Below are a few strategic ideas for custom-connecting your missions experience with meaningful engagement in the Word of God. As you read these you’ll see a pattern: identifying something specific from your missions experience and connecting it to a parallel in Scripture. We have a unique and small window of opportunity. This process is our hook for effectively fastening a fleeting spiritual boost to the enduring Word of God.
1. Connect Mission Theme with Bible Theme
Your missions work will likely have an overarching purpose—evangelism, compassion, building, teaching, justice. Plan a post-trip dive into a Bible theme that connects with the purpose of your missions work. Will it be evangelistic in nature? Mine out evangelism passages (instructions, examples, promises). Are you doing a compassion project? Explore the word “compassion” or compassion examples through the gospels. You get the idea.
2. Explore Why You Accomplished Much by Working Together
It’s likely that your students will notice, maybe for the first time, how everyone brought a unique set of gifts and talents to the missions experience, enabling your group to accomplish way more than seemed possible. Springboard off their observations into a study of spiritual gifts. Set out to “own” the key spiritual gifts chapters of Romans 12, 1 Corinthians 12, and Ephesians 4 (with a 1 Peter 4:11 kicker). Hone in on the mutual dependence we are to have on each other and our unique giftedness.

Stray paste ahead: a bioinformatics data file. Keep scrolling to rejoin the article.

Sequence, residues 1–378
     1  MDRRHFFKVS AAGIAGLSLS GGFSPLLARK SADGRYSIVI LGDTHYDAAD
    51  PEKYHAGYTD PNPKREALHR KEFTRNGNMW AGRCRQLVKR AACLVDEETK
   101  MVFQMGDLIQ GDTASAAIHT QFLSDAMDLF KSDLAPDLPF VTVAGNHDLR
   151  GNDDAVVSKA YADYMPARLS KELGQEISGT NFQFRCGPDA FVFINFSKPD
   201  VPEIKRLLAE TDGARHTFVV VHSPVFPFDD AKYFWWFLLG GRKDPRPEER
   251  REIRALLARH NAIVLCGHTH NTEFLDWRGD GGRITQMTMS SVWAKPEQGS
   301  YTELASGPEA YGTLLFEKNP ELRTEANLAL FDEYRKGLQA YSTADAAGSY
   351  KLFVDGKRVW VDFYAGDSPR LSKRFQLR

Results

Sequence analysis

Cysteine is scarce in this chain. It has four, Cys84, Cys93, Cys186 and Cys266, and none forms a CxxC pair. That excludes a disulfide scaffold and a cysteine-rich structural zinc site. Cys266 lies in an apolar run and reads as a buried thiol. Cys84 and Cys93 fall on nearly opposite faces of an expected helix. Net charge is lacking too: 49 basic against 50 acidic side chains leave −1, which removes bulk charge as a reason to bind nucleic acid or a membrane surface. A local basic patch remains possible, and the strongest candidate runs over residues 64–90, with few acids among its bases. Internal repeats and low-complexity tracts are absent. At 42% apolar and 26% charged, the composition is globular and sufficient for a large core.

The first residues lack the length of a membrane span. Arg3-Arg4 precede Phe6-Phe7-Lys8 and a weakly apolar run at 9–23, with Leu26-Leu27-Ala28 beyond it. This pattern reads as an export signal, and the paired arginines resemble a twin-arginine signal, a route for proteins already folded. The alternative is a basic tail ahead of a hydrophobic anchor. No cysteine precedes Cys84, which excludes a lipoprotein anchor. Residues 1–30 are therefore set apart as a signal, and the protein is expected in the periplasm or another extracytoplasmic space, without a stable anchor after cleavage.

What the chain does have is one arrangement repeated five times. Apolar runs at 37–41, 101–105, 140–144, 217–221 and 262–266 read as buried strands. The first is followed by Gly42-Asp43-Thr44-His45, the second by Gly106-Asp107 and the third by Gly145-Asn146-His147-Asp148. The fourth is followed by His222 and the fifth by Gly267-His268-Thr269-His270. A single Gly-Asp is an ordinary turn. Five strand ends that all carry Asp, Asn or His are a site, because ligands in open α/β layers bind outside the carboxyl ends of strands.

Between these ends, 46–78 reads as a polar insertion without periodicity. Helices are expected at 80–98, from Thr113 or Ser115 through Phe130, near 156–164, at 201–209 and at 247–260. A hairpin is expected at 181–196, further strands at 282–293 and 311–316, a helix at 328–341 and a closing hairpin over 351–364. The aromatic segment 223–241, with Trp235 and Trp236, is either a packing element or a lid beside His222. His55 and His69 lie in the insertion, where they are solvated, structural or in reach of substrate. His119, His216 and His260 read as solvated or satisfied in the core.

3. See Your Missions Trip in Scripture
After your trip, poll your students with this question: What commands of Jesus did we live out in our missions experience? Or: What traits of God did we experience on our trip? Or: How did we see Jesus? Let each answer serve as a topic to explore in Scripture over the weeks following your trip, one topic per week. You could front load this by asking students to be on the lookout for those things throughout the week.
4. Teach How To Fish
Utilize newfound spiritual zeal to teach students how to engage in Scripture. Offer a post-trip deeper dive Bible experience (using the above ideas or a Bible book of your students’ choosing) and introduce students to inductive Bible study tools or match each student’s learning style with a Bible study tool, resource, or genre of Bible book to explore.
When God’s Word is described by, well, God’s Word, you see traits like enduring, everlasting, bedrock-solid. It seems God is emphasizing a point. Youth workers are in a unique position to fasten spiritual zeal to the bedrock of God’s Word before the zeal begins to fade. Channeling spiritual zeal into a study of Scripture at a time when students’ curiosity is high is a gift you can give your students that they will enjoy for the rest of their lives.
I’d love to talk specifics on this topic with you. Feel free to drop me a note or comment.
Barry Shafer has been in youth ministry over 25 years and is the author of Unleashing God’s Word in Youth Ministry. As director of InWord Resources, he has written many small-group Bible studies and teen devotionals. Barry lives in Middletown, Ohio with his wife Jessica, and their two toddlers, Reade and Rachel. You can connect with Barry through email, his website, Facebook, Twitter, the InWord Blog or his personal blog.